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You’re not single because you’re unlovable; you’re single because you’re focused on not being single.
Okay, hear me out here.
The law of attraction states that the universe provides what you focus on. I know it sounds like spiritual nonsense, but there is a lot of merit in this.
Naturally, we bring more attention and energy to our foremost thoughts, causing those thoughts to manifest. Even this very article was a byproduct of my thoughts and intentions to write a piece on relationships.
And it was only after I committed to the creative process that opinion-supporting conversations began to present, and these words began to flow.
When you magnify the frustration of being single, you’re going to stay…single!
Instead, focus on becoming the absolute best version of yourself. Focus on how much you’ll be able to offer your partner at your pinnacle. Focus on how phenomenal your partner must be to undergo this waiting process. Focus on how incredible it is to be incredible.
There’s also another nasty little discovery I’ve made in the anti-single complex: the fixation is usually on the relationship as an item, but not on its details or what it offers. To put it plainly, we prioritize the perfect picture instead of the perfect person.
Imagine going without food for three days, and at the first opportunity, you order a snack-sized bag of trail mix because it seemed more Instagrammable than devouring a sloppy cheeseburger. That’s how so many of us live; starving on the inside but feigning satisfaction on the outside.
We grow so obsessed with the idea of partnership that we compromise who we’re partnering with. A mad dash to the antiquated idea of the American dream has taught us to settle for a white picket fence, 2.6 kids, and dual-income in exchange for peace, romance, and longevity.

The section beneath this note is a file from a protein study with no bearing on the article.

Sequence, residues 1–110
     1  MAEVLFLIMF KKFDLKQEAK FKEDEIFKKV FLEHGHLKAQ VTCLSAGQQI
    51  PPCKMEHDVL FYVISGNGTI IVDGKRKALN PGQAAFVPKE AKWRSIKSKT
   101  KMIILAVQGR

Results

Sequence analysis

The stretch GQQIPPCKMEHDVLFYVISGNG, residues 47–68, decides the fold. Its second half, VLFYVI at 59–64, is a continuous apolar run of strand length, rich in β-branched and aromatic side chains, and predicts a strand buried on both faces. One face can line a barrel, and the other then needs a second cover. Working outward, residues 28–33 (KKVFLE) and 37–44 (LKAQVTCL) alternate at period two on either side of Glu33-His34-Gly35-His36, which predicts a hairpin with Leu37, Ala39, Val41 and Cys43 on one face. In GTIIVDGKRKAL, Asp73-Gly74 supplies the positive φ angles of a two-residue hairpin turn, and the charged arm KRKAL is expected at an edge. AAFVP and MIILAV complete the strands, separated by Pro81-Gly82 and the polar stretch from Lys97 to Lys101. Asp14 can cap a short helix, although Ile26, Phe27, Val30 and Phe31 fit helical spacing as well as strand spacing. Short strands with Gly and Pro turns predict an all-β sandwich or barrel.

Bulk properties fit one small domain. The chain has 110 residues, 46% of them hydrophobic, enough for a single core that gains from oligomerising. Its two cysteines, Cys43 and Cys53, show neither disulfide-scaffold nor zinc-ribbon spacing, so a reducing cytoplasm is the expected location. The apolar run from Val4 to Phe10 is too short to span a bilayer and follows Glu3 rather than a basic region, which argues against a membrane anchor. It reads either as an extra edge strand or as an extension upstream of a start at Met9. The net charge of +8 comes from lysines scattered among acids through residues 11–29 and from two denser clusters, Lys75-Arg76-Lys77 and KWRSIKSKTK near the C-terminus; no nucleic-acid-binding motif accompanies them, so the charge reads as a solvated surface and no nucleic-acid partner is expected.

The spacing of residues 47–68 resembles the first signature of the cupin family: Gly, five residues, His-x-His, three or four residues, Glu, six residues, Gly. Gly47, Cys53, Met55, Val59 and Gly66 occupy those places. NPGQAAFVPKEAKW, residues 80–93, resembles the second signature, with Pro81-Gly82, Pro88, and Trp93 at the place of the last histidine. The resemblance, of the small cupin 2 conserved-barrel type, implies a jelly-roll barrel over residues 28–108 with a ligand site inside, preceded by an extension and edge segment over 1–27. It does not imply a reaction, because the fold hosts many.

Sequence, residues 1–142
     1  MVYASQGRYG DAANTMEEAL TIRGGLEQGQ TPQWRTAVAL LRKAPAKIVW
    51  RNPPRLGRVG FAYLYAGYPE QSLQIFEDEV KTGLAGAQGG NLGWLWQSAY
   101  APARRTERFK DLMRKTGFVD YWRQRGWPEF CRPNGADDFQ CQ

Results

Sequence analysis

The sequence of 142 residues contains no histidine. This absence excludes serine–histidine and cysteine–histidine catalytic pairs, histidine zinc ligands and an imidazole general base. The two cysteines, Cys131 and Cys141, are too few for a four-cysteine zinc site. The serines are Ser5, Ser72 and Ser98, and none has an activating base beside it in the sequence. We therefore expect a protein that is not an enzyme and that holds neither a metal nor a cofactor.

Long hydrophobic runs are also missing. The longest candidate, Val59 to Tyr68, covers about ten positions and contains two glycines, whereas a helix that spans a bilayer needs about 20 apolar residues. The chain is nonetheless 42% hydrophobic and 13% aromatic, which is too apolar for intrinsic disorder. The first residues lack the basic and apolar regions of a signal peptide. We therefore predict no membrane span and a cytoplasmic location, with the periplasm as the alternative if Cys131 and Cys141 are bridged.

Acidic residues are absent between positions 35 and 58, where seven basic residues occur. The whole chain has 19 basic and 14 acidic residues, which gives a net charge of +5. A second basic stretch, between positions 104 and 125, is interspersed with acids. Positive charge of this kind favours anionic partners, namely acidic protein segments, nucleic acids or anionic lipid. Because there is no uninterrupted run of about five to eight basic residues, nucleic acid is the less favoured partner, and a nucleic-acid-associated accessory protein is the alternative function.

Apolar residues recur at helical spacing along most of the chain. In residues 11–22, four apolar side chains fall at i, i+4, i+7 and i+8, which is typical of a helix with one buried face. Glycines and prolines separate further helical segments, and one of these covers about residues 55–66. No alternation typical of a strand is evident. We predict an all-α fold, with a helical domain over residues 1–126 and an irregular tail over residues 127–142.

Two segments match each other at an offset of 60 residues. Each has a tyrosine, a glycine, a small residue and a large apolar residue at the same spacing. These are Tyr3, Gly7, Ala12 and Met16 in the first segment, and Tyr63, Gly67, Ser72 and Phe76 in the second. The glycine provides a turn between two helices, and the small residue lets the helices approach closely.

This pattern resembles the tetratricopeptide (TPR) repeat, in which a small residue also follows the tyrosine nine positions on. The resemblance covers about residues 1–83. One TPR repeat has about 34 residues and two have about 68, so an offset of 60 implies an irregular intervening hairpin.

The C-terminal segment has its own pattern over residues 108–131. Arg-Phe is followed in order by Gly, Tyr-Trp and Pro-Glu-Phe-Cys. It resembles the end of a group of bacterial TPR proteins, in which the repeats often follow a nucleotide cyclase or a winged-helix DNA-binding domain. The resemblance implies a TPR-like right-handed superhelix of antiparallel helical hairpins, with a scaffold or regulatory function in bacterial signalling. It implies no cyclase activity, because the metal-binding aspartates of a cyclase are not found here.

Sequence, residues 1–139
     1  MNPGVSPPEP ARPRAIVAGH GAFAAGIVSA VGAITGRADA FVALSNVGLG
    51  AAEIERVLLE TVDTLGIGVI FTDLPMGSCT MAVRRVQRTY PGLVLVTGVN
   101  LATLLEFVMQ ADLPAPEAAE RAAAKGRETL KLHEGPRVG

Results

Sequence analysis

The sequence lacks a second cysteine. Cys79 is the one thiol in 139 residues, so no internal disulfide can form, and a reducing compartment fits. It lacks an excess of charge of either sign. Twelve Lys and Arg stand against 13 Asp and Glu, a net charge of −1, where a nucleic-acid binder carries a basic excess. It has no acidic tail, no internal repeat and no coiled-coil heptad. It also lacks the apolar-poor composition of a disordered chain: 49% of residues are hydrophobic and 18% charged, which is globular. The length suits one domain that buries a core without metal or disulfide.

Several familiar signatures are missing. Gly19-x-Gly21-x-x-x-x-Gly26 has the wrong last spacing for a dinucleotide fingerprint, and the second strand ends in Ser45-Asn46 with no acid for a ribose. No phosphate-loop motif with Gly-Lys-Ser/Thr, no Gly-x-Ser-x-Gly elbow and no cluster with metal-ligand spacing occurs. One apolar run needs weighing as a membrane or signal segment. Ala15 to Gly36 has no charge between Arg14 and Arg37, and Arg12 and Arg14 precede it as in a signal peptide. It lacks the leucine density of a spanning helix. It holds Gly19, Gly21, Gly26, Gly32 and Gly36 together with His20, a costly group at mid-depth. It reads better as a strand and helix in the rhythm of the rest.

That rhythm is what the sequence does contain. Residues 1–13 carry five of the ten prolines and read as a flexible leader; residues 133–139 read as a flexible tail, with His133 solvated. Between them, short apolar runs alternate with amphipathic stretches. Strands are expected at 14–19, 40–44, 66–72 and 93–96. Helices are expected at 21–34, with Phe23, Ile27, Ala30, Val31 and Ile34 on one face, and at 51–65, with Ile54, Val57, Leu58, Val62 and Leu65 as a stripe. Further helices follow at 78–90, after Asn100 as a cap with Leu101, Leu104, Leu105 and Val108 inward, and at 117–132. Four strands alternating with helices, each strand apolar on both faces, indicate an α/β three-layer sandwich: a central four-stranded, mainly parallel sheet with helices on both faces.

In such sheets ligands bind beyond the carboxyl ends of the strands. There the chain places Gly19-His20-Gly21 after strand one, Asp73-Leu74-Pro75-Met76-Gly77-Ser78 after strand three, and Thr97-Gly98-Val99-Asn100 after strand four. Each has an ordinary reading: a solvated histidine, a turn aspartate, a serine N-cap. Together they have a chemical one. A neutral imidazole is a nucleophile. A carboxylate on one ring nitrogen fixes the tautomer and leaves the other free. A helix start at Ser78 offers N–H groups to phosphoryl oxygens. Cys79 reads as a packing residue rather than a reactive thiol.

In the spirit of fairness, I also think it’s paramount to recognize what you offer in a relationship, not only your partner. If we seek relationships to fill a void, beat a timeline, find healing, or achieve completion, it’s best to remain single.
But being single doesn’t have to be the death sentence our nosy aunts’ probing questions at the holiday dinner table have made it out to be. In fact, contentment with your life outside of dating yields more joy (and it’s crazy sexy).
Wholeness and happiness shouldn’t be tied to another person less you become defined by them. Singleness, on the contrary, creates an opportunity to establish who you are, decide what you want, gain comfort with your own company, and create a robust life as an individual.
Furthermore, your perfect match shouldn’t want to complete you. Hopefully, they feel confident that they already found you as the total package.
If you haven’t already deduced, I am single—happily so.
I can identify with the desire to be partnered but have also cherished the chance to grow as an awesome friend. More than anything, that’s the bit of encouragement I hope you extract from these words.
Singleness doesn’t equate being: damaged, broken, unlovable, too much, or destined for life as a spinster. I have (too many) friends constantly asking me, “How come no one sees my worth?” or proclaiming, “I’m gonna die alone.”
Eek! Friend, you are enough!
A large part of this deprecating thinking is based on the proverbial biological clock that everyone—both men and women—seem frantic to answer.
Marriage and relationships shouldn’t be the benchmark for victory in life. And if it is for you, just remember that hastily stacked cards fall faster than those set with patience.
Please allow me to share four questions to consider while dating. Depending on how you answer these questions, you might want to consider staying single:
1. Compatibility or codependence
Are we well-suited, or is this dynamic about convenience and/or clinginess?
2. Communication or condemnation
Do we “fight healthily,” or are we hurtful and scornful in disagreements?
3. Complementarity or completion
Is my life enriched by my relationship, or does it define me entirely?
4. Commitment or conditional love
Do we consistently nurture one another through every concern and vulnerability, or are we constantly ambivalent?
Trust the universe. Love will come. But for now, stay single and enjoy the summer—I’ll catch you by the pool.
Oh! A disclaimer. I am no official relationship expert, but my first AOL screen name was “Doctor Love,” so you should definitely trust me.